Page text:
Often when we think of sharing our testimony, we focus on the big moments in our lives when God has worked in a mighty way. This is a wonderful way to tell the story of what God has done. It’s also good to remember the day-to-day experiences and memories we have where we can look back and see God’s faithfulness. Even in the difficult, painful moments in our stories, God has been there. Our lives are full of stories that point to God’s greater story—His story of redemption, hope, and grace.
What is something that has happened in your life story that can serve as a reminder of God’s faithfulness?
Why is it helpful to take time to recognize God at work in our stories?
How do you think you fit into God’s bigger story?
(Tripp Martin, “From the Pulpit: Telling our stories” The Telegraph, 9 August 2013 [12 August 2013].)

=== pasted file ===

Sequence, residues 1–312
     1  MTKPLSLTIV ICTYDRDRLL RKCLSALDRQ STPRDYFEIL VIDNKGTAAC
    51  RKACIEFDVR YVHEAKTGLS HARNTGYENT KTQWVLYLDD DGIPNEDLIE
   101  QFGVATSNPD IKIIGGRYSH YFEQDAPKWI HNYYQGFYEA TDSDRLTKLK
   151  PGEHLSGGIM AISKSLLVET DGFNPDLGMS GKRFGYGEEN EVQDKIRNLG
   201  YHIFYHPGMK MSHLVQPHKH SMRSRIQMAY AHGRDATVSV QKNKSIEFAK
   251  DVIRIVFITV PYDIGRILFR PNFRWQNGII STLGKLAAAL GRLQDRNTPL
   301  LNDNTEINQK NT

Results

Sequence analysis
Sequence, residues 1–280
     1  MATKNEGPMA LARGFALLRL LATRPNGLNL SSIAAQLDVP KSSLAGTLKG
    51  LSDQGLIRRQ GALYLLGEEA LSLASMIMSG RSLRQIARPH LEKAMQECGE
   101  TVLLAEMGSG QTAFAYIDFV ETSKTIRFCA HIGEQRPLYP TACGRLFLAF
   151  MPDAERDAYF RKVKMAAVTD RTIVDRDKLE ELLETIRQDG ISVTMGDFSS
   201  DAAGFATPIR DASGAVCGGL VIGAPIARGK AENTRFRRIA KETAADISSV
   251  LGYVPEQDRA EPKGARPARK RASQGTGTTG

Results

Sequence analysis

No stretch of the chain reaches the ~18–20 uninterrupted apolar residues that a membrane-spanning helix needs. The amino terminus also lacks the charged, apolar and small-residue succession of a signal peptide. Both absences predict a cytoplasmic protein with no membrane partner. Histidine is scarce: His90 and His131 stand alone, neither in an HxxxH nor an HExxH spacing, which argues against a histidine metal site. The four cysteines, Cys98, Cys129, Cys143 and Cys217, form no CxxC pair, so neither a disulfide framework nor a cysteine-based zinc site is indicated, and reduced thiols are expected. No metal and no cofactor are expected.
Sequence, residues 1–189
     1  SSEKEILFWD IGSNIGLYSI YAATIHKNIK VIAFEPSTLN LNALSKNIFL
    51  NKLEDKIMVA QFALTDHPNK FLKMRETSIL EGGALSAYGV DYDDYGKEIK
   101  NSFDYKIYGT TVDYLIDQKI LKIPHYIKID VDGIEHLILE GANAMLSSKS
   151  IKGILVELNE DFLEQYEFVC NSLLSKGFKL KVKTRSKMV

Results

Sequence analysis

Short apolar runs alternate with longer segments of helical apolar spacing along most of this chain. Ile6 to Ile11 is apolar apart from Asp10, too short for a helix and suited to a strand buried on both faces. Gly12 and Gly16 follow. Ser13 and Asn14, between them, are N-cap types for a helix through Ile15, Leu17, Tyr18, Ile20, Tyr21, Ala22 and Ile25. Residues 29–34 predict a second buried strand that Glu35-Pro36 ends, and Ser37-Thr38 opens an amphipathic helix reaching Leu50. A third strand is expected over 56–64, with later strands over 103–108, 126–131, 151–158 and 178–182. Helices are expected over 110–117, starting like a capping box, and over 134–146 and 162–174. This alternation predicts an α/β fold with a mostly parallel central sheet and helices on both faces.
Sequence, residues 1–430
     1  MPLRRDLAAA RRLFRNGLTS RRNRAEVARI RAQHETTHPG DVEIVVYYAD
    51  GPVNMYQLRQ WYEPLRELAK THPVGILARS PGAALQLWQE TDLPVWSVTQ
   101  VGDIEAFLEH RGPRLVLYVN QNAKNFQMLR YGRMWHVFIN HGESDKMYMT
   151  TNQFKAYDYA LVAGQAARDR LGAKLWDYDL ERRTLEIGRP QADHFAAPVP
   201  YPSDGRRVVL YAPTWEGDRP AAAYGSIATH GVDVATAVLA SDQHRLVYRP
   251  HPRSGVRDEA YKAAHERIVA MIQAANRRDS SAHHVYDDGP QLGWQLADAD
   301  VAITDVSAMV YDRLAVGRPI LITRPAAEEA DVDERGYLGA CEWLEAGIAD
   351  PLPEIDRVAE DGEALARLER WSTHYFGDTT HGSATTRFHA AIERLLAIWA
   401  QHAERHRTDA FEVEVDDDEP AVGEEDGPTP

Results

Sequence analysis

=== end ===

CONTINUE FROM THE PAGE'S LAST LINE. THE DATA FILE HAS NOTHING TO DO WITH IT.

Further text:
The Question this week was: What is God’s purpose for the church?
The Answer is: God wants His people to glorify Him by sharing the truth of the gospel.
A couple from North Carolina felt God calling them to reach out to their hometown of Ashland, KY.
Heather and Phillip Morris have been traveling to and from their hometown for 20 years and have seen it change for the worse. They felt like God gave them a vision to organize an outreach opportunity for their home in Charlotte, North Carolina to go serve in Ashland, KY. After meeting with city officials and non-profit organizations, the Morrises led a total of forty-two members of Hopewell Baptist Church to Ashland to serve for the week. They hosted a block party, mowed grass in neighborhoods, rebuilt porches, helped repair gutters, and so much more. Heather says, “Churches need to realize they have to get outside of their own walls…Christians get into our own little circle but we have to get out and minister to the lost.” Six local churches in Ashland have made it possible for this North Carolina church to come and serve their community. They’ve all joined together to share the love of Christ with the community.